As oestrogen levels fall, your body tries to compensate by increasing its production of other hormones like insulin and leptin. This makes it harder for your body to burn fat, which means more fat gets stored in your body when you eat.
Another reason is the loss of muscle mass and bone density during this period. This can make you feel weak and out-of-shape, especially if you’re not exercising regularly. One of the best ways to handle this type of weight gain is by;
- Healthy lifestyle changes: such as eating more fiber-rich foods and cutting back on refined carbs like white flour products, sugar, and sweets. And remember to exercise! Exercise helps boost metabolism and burn excess calories, so you must stay active throughout your life, especially during this phase when your metabolism is slowing down naturally.
Mood Changes and Irritability
External factors like stress at work or home can trigger mood swings and irritability for anyone, but these feelings can be even more intense for women going through pre-menopause. Hormones play a huge role in mood changes during this time, so if you notice that your emotions are out of whack, try some simple stress-relieving techniques:
- Exercise regularly. We can stress on the benefits of exercise enough! Exercise releases endorphins that make you feel happier overall. According to Harvard Health Publications, it also helps reduce anxiety by boosting serotonin levels in the brain, the chemical responsible for regulating moods. Try to fit in 30 minutes of cardio thrice a week or strength training twice a week. Your body will thank you!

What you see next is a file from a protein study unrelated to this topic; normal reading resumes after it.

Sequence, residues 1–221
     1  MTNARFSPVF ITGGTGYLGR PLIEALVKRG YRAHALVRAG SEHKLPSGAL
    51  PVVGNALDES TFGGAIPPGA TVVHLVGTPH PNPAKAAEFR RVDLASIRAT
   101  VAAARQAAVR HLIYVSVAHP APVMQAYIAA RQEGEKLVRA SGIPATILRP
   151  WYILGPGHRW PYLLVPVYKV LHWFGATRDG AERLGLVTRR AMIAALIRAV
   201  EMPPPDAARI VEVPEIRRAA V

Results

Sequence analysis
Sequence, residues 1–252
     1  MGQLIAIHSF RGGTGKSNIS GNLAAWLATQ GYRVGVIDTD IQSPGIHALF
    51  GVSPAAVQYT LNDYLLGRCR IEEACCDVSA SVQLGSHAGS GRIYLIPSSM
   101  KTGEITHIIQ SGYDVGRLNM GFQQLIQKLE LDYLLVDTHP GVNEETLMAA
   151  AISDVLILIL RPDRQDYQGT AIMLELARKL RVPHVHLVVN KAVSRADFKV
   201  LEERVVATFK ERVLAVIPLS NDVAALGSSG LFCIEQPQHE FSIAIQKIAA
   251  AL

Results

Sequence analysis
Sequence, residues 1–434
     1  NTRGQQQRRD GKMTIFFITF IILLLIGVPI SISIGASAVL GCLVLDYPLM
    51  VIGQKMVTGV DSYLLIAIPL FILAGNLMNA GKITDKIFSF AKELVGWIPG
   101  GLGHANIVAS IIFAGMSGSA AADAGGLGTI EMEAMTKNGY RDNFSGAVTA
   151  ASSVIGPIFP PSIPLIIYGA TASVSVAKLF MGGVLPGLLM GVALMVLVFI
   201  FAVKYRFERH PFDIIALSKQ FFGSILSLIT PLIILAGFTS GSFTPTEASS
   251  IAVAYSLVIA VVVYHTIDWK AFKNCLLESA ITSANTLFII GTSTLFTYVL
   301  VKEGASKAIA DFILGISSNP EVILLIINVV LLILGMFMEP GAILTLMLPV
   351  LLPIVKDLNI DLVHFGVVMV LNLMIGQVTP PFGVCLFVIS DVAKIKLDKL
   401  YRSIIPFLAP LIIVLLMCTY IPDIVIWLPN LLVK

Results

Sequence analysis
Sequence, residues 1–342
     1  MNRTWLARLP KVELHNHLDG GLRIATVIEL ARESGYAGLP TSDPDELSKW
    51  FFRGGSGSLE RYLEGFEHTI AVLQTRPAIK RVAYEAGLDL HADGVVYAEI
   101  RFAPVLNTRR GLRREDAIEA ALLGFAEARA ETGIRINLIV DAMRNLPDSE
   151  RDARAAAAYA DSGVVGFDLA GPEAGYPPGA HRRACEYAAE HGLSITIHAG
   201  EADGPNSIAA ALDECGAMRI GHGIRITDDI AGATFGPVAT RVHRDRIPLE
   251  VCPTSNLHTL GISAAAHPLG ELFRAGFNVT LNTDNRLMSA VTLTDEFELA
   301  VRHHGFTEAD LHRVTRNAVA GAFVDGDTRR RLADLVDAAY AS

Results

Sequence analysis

- Get enough sleep every night. Sleep deprivation increases cortisol levels, another hormone responsible for stress responses which makes
Difficulty Concentrating and Brain Fog
Difficulty concentrating and brain fog are two of the most common pre menopause signs, but they’re often dismissed as just a part of aging. In fact, hormonal changes caused by menopause can make it harder to focus and stay on task.
When oestrogen levels dip, you may feel more forgetful and disorganised. You may have difficulty concentrating and recalling information, especially during your midlife transition, which can affect your ability to perform well at work or school.
The drop in oestrogen also causes memory problems by weakening the hippocampus, an area of the brain that plays a vital role in learning and memory. This can lead to short-term memory loss, such as forgetting where you put your keys or phone.
The good news is that there are ways to improve concentration and memory during pre-menopause:
- Get enough sleep
- Exercise regularly
- Avoid stressors like over scheduling yourself
- Eat a diet rich in omega-3 fatty acids (found in fish)
Knowing about These Changes can help you Deal with Them.
You can’t stop the change, but preparing for it is possible. For example, if you know that your sex drive will be affected by lower oestrogen levels, then you’ll be able to understand why it’s happening and plan around it.
You may also want to consider seeing a doctor or therapist who specialises in menopause and hormone therapy so that they can give advice on how best to manage your symptoms as they start occurring.
I hope this article has helped you better understand pre-menopause symptoms and how to deal with them. I know it can be frustrating and confusing, but remember, you’re not alone!